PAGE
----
If I had to condense the main point of the Freshman Retreat this year, I would describe it in a single question: What is your story? Ok, it’s not the most specific or simplest question ever, but imagine that you, the reader, gave an answer to the question. However, you not only answered that sole question, but other questions too. The question “What is your story?” has a two-fold meaning. What does a story mean to you? Of course, a story, according to the Merriam-Webster Dictionary, is “an anecdote of incidents or events.” This is a good literal definition, but what are the connotations of that word? What feelings does it evoke, and what does it really mean beyond the definition? This is just a few of the potential questions inside of that question. What defines you? Unlike the first question, any logical response to this would fail. Instead, this is one that must be thought of emotionally. Your answer would reveal some of your feelings of identity, expectations, and countless other themes. Now, how did the Freshman Retreat make me think about this question in the first place?
The first significant moment for me in the actual retreat was when we all had to record a significant story of our lives in different groups. First, we heard two versions of a senior’s story: one where the freshman was recording and one where the senior was recording. It was an inspiring tale, and I remember thinking after it that I had to have something good to tell about. I spent a few minutes trying to work something out in my mind. I was so focused on telling something good for myself that I did not consider what the story’s effect had on me. Since I couldn’t think of anything, I decided to listen to other stories before I would do mine. Then, seeing how the other people in my group were being open and honest with themselves, I decided to do the same and tell a small story that I felt had a strong impact on me. In hindsight, I realize that I had to be open to others in order to be open to myself.
The second significant event in the Retreat occurred when I was lying down on the floor. This took place after we played in the Cadigan Gym and after talking to some more people in an activity. As a result, I felt tired. When we had lain down, we were encouraged by multiple questions to think about what had happened in the retreat and what we have learned. Furthermore, it told us to think about our stories and how they are connected with infinitely many others. Overall, it was a nice respite that allowed us to reflect on the past, present, and future.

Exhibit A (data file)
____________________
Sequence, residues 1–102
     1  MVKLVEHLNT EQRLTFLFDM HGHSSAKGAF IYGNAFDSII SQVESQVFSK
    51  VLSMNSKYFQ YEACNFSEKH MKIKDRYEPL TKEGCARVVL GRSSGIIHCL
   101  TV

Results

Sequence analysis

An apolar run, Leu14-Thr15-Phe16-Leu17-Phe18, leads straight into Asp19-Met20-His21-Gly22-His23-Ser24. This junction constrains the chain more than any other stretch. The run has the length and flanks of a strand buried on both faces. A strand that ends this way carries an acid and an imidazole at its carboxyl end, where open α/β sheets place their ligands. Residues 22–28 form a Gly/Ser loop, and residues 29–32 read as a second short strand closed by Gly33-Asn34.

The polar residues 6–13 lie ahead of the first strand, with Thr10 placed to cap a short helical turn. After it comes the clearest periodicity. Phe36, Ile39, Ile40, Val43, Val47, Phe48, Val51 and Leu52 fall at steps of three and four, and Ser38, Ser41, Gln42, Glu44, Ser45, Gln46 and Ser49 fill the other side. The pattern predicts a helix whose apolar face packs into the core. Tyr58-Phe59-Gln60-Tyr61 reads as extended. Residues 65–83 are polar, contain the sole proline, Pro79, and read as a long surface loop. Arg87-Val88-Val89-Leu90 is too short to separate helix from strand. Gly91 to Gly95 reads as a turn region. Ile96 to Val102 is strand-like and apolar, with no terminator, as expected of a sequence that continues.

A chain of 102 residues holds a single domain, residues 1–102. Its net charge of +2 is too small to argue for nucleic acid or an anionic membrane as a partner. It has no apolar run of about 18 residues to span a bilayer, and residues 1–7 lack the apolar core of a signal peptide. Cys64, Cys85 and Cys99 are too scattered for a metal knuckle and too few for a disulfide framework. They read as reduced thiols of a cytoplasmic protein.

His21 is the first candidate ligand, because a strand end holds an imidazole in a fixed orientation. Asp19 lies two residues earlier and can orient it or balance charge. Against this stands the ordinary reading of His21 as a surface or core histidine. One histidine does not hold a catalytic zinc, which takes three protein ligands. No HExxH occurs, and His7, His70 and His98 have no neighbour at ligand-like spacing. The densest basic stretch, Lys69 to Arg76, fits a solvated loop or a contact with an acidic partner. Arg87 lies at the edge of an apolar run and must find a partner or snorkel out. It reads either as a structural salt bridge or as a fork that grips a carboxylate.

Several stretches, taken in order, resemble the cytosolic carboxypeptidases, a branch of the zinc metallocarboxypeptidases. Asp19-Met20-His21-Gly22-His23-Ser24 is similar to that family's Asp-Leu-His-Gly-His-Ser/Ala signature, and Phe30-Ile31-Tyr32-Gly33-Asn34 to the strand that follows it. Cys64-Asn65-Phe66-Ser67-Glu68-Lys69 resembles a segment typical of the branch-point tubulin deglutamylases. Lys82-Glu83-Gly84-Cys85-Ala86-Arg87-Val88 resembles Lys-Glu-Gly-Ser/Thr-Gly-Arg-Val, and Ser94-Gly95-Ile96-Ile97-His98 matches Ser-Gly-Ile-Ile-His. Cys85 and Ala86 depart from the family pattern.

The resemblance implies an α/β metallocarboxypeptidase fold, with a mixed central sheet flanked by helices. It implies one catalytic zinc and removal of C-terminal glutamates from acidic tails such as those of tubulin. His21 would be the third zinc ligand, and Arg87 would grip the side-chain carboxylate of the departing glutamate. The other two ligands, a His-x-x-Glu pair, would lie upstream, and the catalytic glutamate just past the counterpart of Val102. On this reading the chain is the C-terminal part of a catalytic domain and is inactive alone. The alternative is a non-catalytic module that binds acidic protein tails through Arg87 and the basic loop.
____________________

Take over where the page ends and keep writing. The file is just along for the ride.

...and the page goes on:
The third most significant moment was the closing Mass. Before I came to the retreat, I had a gut feeling to go to the chapel in the morning. There I attended the Mass and recited the prayers and responses without thinking too much. During the retreat, I heard that we were going to see Communion from the priest’s perspective. Somehow, even though it was the same readings I heard and the same response I had given before, it felt different, witnessing the priest holding the bread and wine a few feet away instead of from farther back. It was a unique, new perspective.
How does all of this tie into stories? Well, pieces from each of these minute moments in the retreat helped me see a larger lesson. From the interconnected threads our stories weave to the value of our differences, we are one. It is like the newspaper you’re holding in your hands right now! Our different pieces and writings show our united identity in BC High. It is rather amazing that colliding coincidences can produce beautiful stories that we can learn from.
All of this is to say that the Freshman Retreat gave me some clue of what my story is.